This article needs additional citations for verification. (January 2013)
|Place of origin||United States|
|Manufacturer||North American Arms|
|Parent case||.32 ACP|
|Case type||Rimless, bottlenecked|
|Bullet diameter||.251 in (6.4 mm)|
|Neck diameter||.276 in (7.0 mm)|
|Shoulder diameter||.333 in (8.5 mm)|
|Base diameter||.337 in (8.6 mm)|
|Rim diameter||.337 in (8.6 mm)|
|Rim thickness||.046 in (1.2 mm)|
|Case length||.745 in (18.9 mm)|
|Overall length||.960 in (24.4 mm)|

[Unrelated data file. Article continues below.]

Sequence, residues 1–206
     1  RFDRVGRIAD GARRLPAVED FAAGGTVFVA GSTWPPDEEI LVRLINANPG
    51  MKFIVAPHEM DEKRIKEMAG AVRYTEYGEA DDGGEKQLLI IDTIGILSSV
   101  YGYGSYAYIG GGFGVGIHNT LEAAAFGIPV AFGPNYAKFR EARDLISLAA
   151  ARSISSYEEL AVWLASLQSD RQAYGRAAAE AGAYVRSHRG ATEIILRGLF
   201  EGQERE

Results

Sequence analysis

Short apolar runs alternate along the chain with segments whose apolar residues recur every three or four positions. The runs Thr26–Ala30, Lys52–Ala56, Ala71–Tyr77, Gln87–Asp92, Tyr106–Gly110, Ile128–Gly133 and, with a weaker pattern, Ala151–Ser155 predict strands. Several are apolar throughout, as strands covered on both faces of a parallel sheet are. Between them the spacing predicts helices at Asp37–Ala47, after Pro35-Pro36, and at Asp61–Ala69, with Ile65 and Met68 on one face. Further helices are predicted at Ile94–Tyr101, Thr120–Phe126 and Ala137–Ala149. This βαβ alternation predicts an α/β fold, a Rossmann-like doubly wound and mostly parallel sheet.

|Case capacity||9.75 gr H2O (0.632 cm3)|
|Rifling twist||1 in 16 in (410 mm)|
|Primer type||Small Pistol|
|Maximum pressure||23,000 psi (160 MPa)|
|Source(s): Cartridges of the World|
The cartridge was originally conceivedof and prototyped by gunwriter J.B. Wood, and called the "25/32 JBW".
It followed the successful introduction of two other commercial bottleneck handgun cartridges, the .357 SIG in 1994 (which necked a .40 S&W case down to accept .355 caliber bullets); and the .400 Corbon in 1996 (which necked a .45 ACP case down to accept .40 caliber bullets).
According to NAA's website, the .25 NAA's 35 gr bullets travel faster (1,200 f.p.s.) and hit harder (20% more energy on average) than larger, .32 ACP caliber, bullets.
|Wikimedia Commons has media related to .25 NAA.|